So sorry about your aunt. I dread the time when that starts happening in my life.

A couple months ago, one of the men that helped me get sober had a heart attack and died unexpectedly. I was heartbroken - as were the many people he had helped.

But as I laid down that night, I broke out in the big smile and thought, "Now he gets to meet Jason." (My dead finance) and that gave me such wonderful happy peace, I can't even describe it. Was a gift in the middle of the pain.

Katie said...

I'm sorry about the loss of your Godmother. And I'm inspired by the Mrs. Wilson story. Isn't it cool how God sends those little moments/ inspiring interactions at the times when we need them the most? I'll be praying for your family through this difficult time.

<>< Katie

littlepretendnurse said...

Meeting Mrs Wilson when you did was certainly a "tender mercy" from the Lord. Glad you were able to get the message. Sounds like she came to the ER that day for you not herself.

Jim (UK) said...

Angels help us out when we least expect it .

Charmingjessie said...

It really is true that adversity can bring forth the life you were supposed to be leading. 7 years ago I had a car accident and ended up with a traumatic brain injury. 18 months of physical/speech/cognitive therapy later, I was pretty much back to normal. But my old career doing assessments in a psych hospital wasn't a viable option anymore. I went back to college for my teaching certification in special ed. Now, years later, I'm married to another special ed teacher and we are the adoptive parents of two daughters, 20 and 21 years old. Both girls have mental retardation and one is also blind and has autism. I would not be the mother I am today if that accident had not have happened. I thank God for the elderly man who, as he said, shat his pants and lost control of his car and hit me. :-) It's not at all what I envisioned for my life, but it is everything I never knew I always wanted. Love reading your blog. Keep up the good work.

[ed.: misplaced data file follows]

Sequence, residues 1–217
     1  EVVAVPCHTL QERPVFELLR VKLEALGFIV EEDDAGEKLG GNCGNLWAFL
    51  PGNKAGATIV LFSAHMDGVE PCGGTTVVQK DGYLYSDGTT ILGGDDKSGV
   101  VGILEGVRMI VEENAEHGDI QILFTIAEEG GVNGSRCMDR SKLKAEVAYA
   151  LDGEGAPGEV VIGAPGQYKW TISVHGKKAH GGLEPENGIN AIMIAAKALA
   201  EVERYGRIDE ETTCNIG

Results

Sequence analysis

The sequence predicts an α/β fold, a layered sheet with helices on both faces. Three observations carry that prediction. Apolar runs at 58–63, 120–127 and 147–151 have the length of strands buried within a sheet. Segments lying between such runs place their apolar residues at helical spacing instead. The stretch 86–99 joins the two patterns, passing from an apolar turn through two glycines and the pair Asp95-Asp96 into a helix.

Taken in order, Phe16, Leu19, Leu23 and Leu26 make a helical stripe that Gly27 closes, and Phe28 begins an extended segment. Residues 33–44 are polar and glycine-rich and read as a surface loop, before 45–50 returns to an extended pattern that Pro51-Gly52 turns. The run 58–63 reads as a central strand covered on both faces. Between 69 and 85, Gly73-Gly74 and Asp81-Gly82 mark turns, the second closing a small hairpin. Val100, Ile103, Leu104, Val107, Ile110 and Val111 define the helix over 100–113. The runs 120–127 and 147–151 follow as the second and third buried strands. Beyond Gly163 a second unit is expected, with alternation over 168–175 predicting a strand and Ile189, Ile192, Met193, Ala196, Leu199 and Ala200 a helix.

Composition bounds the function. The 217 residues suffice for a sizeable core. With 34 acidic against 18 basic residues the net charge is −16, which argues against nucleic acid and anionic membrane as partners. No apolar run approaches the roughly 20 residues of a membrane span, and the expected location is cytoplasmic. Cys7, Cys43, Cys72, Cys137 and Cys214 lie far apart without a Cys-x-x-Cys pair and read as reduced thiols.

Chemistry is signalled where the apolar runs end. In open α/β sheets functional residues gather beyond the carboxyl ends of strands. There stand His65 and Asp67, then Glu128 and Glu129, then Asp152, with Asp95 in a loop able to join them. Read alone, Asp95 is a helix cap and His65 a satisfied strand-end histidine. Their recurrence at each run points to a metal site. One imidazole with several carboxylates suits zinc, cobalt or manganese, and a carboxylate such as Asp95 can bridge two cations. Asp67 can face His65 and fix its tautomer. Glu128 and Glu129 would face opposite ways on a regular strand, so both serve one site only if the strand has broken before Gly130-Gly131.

Tiffany said...

First off, let me say that I am sorry to hear about your loss with your auntie. Any loss of a loved one hurts.

As I read this post, it brought tears to my eyes, and smile to my face. This woman, even though I have never met her, reminds me soooo much of my late grandpa. The positive outlook, the subtle stuborness, the tenacity, the vigor, just everything about her, reminded me of him.